Zubairi Sentongo swapped poverty in Uganda for homelessness in Britain. But a YMCA scheme connected him with a couple offering warmth and shelter
    A History of the First World War in 100 Moments: When the world’s biggest shed took over Regent’s Park

    A History of the First World War in 100 Moments

    When the world’s biggest shed took over Regent’s Park
    The pain of IVF

    The pain of IVF

    As an Italian woman vows to keep the babies from someone else’s eggs, Julian Baggini ponders how the reality of childbirth is often messier than the natural ideal
    Supersize art

    Is big better? Britain's latest super-sized art

    The Kelpies are the latest addition to a growing army of giant sculptures. But naysayers are asking what a pair of gigantic horse heads tells us about Falkirk?
    James Dean: Back on the big screen

    James Dean: Back on the big screen

    As 'Rebel without a Cause' is re-released, Geoffrey Macnab reveals how its star perfected his moody act
    Catch-22: How the cult classic was adapted for the stage

    How a cult classic was adapted for the stage

    More than half a century after it was published 'Catch-22' will make its British stage debut next week
    10 best activity books for children

    10 best activity books for children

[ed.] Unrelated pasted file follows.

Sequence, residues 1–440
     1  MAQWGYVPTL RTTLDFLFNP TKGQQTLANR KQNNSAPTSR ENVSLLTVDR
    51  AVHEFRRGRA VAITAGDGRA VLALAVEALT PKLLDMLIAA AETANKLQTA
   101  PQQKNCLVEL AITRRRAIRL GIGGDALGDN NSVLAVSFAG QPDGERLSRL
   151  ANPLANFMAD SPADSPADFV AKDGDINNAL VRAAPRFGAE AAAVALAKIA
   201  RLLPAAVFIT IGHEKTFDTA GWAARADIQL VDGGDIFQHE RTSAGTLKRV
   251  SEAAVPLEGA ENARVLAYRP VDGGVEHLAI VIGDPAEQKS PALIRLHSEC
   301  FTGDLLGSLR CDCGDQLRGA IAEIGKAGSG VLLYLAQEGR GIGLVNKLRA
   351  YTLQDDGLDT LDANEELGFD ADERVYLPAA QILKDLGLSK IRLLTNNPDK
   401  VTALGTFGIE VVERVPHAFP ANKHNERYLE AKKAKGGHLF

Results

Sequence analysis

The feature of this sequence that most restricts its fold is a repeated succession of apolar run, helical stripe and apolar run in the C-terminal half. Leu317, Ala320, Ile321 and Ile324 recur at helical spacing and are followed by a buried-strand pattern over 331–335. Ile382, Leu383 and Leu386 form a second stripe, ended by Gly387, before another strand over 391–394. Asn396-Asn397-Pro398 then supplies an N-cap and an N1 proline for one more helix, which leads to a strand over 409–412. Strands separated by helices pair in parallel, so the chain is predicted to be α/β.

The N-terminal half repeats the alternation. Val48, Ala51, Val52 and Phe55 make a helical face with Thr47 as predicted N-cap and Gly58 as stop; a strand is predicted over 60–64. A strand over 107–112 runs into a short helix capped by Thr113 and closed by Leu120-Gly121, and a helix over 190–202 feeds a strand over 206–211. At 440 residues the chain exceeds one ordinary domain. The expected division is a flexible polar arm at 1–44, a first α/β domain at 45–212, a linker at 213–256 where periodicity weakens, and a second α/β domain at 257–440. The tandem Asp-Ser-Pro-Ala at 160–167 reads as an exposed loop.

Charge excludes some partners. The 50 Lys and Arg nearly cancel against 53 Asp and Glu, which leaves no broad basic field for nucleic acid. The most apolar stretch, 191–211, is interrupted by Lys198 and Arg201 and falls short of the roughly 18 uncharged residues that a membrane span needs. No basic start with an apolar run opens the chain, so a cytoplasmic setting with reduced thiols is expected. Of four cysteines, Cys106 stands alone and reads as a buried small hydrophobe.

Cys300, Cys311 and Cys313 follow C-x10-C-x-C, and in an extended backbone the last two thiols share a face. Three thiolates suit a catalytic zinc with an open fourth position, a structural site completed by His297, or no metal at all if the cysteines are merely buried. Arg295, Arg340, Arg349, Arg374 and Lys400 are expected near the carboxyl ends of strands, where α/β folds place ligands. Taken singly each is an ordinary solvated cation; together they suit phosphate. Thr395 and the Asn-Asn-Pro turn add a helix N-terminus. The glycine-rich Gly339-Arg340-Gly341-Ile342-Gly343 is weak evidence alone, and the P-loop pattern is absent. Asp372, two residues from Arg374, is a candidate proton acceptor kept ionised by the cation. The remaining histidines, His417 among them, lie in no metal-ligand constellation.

Keep little ones busy this bank holiday with one of these creative, educational and fun books
    Arsenal 3 West Ham United 1: Five things we learnt from the battle between the London sides

    Five things we learnt from Arsenal's win over West Ham

    Arsenal still in driving seat for Champions League spot and Carroll can make late charge into England’s World Cup squad
    Copa del Rey final: Barcelona are paying for their complacency and not even victory over Real Madrid will put things right

    Pete Jenson on the Copa del Rey final

    Barcelona are paying for their complacency and not even victory over Real Madrid will put things right
    Rafa to reign? Ten issues clay courts will serve up this season

    Rafa to reign? Ten issues clay courts will serve up this season

    With the tennis circus now rolling on to the slowest surface, Paul Newman highlights who'll be making the headlines – and why
    Exclusive: NHS faces financial disaster in 2015 as politicians urged to find radical solution

    NHS faces financial disaster in 2015

    Politicians urged to find radical solution
    Ukraine crisis: How spontaneous are the pro-Russian protests breaking out in Ukraine’s east?

    Ukraine crisis

    How spontaneous are the pro-Russian protests breaking out in Ukraine’s east?
    A History of the First World War in 100 moments: The first execution at the Tower of London for 167 years

    The first execution at the Tower of London for 167 years

    A history of the First World War in 100 moments
    Fires could turn Amazon rainforest into a desert as human activity and climate change threaten ‘lungs of the world’, says study

    New threat to the Amazon rainforest:

    Fires that scorch the ‘lungs of the Earth’
    Liverpool, Chelsea and Manchester City: And the winner of this season’s Premier League title will be...

    Who’s in box seat now? The winner of the title will be ...

    Who is in best shape to take the Premier League prize?